Pomar Junction also produce an expressive, serious Zinfandel (Zinfandel Reserve 2011, $54), with ripe fruits on the nose overladen with perfume; on the palate, it's a toasty, oaky, meaty wine, with a subtly spicy finish. Less successful is the J. Lohr Gesture Zinfandel 2011 ($25), which is too much like strawberry jam. Although the oak balances the jamminess on the palate, this is too much of an old-fashioned Zinfandel where it's all about the fruits and too little about the structure of the wine. The Eberle Zinfandel 2011 ($28) is better; still too fruity, it does have a cocoa, black pepper backbone to it.

Spanish varieties

The Spanish name of Paso Robles suggests a town with a heavily Hispanic influence. Only one winery, though, specialises in Spanish varieties, as well as a few Portuguese. These wines were good enough to suggest that more wineries should follow the example of Bodegas Paso Robles. I tasted two whites, Galicia 2013 ($25; 100% Albariño) and Garnacha Blanca 2013 ($27), the latter having appealing citrus fruits and an almond, almost bready finish. Many of the reds are Tempranillo based, though winemaker Dorothy Schuler is not afraid to experiment with lesser known varieties such as Graciano. The signature red is ¡Viva Yo! 2010 ($29; 90% Tempranillo, 10% Cabernet Sauvignon), an earthy, gamey wine with an engaging mixture of red and black fruits, and a savoury, spicy mouth. The Iberia 2005 ($45; 33% Tempranillo, 31% Touriga Nacional, 25% Graciano, 11% Tinto Cão) is a mature blend of Spanish and Portuguese grapes, with a smoky, leathery character to add to the plums and blackberries. My favourite wine was the Vaca Negra 2009 ($33; 43% Mourvèdre, 36% Tempranillo, 21% Garnacha). This combined all the best of Paso Robles - Rhône grapes, albeit with a Spanish influence, and imaginative blending.

Italian varieties

I am yet to be convinced that the great Italian varieties Sangiovese and Nebbiolo work out of their Tuscan and Piemonte homelands, but one wine I tasted disproved that theory. The Eberle Sangiovese 2011 ($24) is a good wine, with red fruits, oak, and liquorice, but a little simple. The Lone Madrone Bollo 2007 ($60) is something else though, and one I would love to taste alongside a Barolo or Barbaresco. It has a very floral nose of violets, roses, and irises, with strawberries and cherries: with its garnet colour and inviting perfumes, this is very Nebbiolo. The palate delivers too, with big, heavy, powerful tannins washed with high acidity. For a wine from 2007, it's still going strong. This is a big wine that still has delicate red fruits; complex, maturing, but lively.

view from Lone Madrone


For such a hot, barren, wild area, one would expect a healthy supply of beer to whet away the still days. Lone Madrone make cider, a tradition which has sadly been usurped throughout California by winemaking. I only got to taste one, the Bristols Original Cider ($9, 7.5%), which was an intense farm cider, with bitter apples and a juicy acidity. Nine ciders are made in total.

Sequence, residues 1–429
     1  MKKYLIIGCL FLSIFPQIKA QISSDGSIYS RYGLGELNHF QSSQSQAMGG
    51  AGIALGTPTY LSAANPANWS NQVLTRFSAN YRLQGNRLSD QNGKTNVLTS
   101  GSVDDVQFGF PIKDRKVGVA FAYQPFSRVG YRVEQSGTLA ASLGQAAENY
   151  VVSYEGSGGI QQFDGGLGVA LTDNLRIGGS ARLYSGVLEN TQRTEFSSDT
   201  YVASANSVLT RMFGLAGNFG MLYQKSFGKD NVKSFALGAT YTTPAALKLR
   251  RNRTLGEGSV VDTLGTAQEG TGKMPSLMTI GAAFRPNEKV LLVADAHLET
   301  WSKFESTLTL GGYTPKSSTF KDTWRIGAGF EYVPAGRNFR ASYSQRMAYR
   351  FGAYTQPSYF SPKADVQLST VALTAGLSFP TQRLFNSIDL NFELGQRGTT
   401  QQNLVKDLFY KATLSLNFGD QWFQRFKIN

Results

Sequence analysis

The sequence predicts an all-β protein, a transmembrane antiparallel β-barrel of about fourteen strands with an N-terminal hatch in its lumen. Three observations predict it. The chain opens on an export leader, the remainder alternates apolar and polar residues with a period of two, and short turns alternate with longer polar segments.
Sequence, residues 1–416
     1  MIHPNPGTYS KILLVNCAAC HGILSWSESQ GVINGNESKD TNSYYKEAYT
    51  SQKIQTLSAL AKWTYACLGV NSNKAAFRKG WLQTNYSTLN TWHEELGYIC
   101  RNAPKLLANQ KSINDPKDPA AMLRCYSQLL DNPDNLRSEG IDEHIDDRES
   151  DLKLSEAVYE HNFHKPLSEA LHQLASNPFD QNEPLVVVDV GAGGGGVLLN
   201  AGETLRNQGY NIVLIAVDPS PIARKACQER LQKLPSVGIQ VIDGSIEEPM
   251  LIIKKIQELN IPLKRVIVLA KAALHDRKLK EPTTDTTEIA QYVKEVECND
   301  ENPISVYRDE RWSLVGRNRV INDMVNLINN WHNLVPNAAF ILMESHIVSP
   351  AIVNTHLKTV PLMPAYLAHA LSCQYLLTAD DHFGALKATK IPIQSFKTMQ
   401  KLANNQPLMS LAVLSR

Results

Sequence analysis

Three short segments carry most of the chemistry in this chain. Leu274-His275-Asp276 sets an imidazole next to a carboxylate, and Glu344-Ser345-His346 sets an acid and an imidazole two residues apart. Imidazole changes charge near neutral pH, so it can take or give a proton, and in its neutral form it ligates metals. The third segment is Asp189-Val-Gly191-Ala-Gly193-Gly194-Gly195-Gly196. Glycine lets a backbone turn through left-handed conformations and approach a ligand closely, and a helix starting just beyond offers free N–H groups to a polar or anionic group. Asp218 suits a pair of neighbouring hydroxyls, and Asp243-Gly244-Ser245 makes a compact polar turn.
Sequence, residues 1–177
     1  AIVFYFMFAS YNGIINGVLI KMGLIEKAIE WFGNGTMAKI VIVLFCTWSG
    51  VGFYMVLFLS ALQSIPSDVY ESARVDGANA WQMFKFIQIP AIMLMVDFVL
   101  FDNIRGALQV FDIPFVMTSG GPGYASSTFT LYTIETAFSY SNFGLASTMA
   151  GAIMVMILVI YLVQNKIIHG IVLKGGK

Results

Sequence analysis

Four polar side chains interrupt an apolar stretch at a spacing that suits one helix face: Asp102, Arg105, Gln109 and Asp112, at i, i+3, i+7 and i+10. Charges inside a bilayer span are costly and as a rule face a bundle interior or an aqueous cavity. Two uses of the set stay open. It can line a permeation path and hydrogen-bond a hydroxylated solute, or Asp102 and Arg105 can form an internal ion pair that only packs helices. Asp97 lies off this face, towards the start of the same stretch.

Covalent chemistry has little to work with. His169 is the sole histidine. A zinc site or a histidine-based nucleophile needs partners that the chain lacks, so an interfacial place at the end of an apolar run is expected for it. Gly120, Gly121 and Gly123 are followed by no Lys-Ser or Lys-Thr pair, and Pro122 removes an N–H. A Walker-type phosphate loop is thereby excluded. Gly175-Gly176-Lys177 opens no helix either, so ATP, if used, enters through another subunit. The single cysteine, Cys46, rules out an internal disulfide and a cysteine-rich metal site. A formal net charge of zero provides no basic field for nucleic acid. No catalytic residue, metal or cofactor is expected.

The main brewery of Paso Robles is Firestone Walker, who make a series of imaginative, and slightly difficult, beers. They made their name with the Double DBA (12%), an intense dark beer with coffee, caramel, toffee, and dark chocolate, which has the overall feel of vanilla ice cream and the dried fruits of a Pedro Ximenez sherry. Two complex saisons are made; the Opal (7.5%) has a slight sourness to it, with a gentle farmyard, countryside nose, with sour apples and pears and cinnamon. The LIL Opal (5.5%) is a proper stinky beer, with oranges, tangerines, and marmalade adding to the brett and mushrooms. Despite all those strange flavours, it's extremely refreshing on the palate, with high acidity and a lightly oaky spiciness. Two beers only available at the brewery are the Hefeweizen (4.7%), an outstanding wheat beer which has won awards in Germany, and the Stickee Monkee 2014 (13.4%), a one-off beer that's been aged in Bourbon barrels and had brown sugar added to it. It has sweet whiskey flavours of oak, coconut, and leather, as well as molasses from the brown sugar (I would have guessed it had been aged in rum barrels). The high alcohol and sweetness are balanced by the spicy flavours of pepper and anise. Not a beer to drink a lot of, but much to appreciate.


Many of the wineries I've visited throughout California are keen to stress their sustainable practices. Villicana Winery take this concept a step further by reusing the left-over juice from pressing to make grape-based spirits, under the Re:Find label. There is a vodka, which has a nice citrus, spicy character, a cucumber vodka, and a gin, made with seven different botanicals. Not being a huge vodka fan, it was the gin I found most interesting with lots of citrus aromas from the coriander, lemon and orange peel botanicals, and delicate floral aromas from the lavender and orris root, finished off with a bit of spice from the grains of paradise.

Visiting Re:Find was a reminder of the US's bureaucratic laws towards alcohol, distant off-shoots of Prohibition days. In California, only grape-based products can be sold on-site; all other products must be sold through a third party. Therefore, the distillery could only sell the two vodkas and the gin in bottles labelled as "brandy" - legally so, as they are grape-based. In sites elsewhere in California, the bottles are labelled vodka and gin - which is what they actually are.